Believe it or not, the audio specs of the various content platforms such as Roku, Chromecast, Fire, Apple TV, Amazon Prime, and Netflix are in many cases confusing, misleading, or simply untrue. I know those are strong words to use but there is often no truth to the specs you read and the claims they make, it’s merely specsmanship to make a sale. Unlike the FTC rating for power amps, there is no regulation or regulator on the beat to call them out, it’s up to us as consumers to figure it out on our own. I’ve written today’s post to help everybody learn how this works because many recent audiophiles think they can use their notebook computers to store and watch Blu-ray Hi Res Audio and Hi Def video with no less performance than on an actual Blu-ray player. That is simply impossible and this post will help explain why.
One way to learn what all the specs mean is to look at the chart below of specifications for the Primary Audio Streams on a Blu-ray disc. Hi Res Audio is defined as 24 bit at either 96K or 192K sample rate, nothing lower. Everything lower is known as “lossy”, meaning the dynamic range is compressed dramatically.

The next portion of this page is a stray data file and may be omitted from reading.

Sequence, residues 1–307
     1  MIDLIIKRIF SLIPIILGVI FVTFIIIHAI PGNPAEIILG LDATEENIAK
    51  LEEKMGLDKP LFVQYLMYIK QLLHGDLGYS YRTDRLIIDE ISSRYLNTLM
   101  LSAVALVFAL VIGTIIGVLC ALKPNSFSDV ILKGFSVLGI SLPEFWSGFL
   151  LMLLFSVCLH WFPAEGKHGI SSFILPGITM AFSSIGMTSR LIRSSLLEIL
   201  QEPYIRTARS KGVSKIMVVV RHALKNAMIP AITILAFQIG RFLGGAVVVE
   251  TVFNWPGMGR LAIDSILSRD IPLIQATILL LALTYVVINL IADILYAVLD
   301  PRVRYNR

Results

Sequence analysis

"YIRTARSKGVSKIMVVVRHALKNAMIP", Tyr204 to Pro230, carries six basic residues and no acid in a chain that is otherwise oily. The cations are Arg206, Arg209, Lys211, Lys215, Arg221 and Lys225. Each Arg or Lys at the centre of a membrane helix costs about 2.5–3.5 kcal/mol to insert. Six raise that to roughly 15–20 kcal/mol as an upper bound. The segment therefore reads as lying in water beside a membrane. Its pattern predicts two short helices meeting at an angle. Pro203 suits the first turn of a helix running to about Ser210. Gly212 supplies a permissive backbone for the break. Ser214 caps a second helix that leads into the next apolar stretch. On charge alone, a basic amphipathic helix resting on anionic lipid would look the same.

|Specification of Blu-ray Primary Audio Streams:|
|LPCM (Lossless)||Dolby Digital||Dolby Digital Plus||Dolby TrueHD (Lossless)||DTS Digital Surround||DTS-HD Master Audio (Lossless)|
|SMax. Bitrate||27.648 Mbit/s||640 kbit/s||4.736 Mbit/s||18.64 Mbit/s||1.524 Mbit/s||24.5 Mbit/s|
|Max. Channel||8 (48 kHz, 96 kHz), 6 (192 kHz)||5.1||7.1||8 (48 kHz, 96 kHz), 6 (192 kHz)||5.1||8 (48 kHz, 96 kHz), 6 (192 kHz)|
|Bits/sample||16, 20, 24||16, 24||16, 24||16, 24||16, 20, 24||16, 24|
|Sample frequency||48 kHz, 96 kHz, 192 kHz||48 kHz||48 kHz||48 kHz, 96 kHz, 192 kHz||48 kHz||48 kHz, 96 kHz, 192 kHz|
Notably it’s important to understand that PCM is the default standard for Blu-ray audio but it does not have the highest bitrate, it’s the equivalent of Dolby Digital Plus, several orders of magnitude below whats considered Hi Res Audio today, but still as good as CD. If you play a Blu-ray disc without first setting the audio output of the player up for Bitstream output via HDMI and choose one of the lossless versions of the soundtrack from the disc’s audio set-up menu, you will not be hearing the highest resolution content. For comparison’s sake, lets look at regular TV first.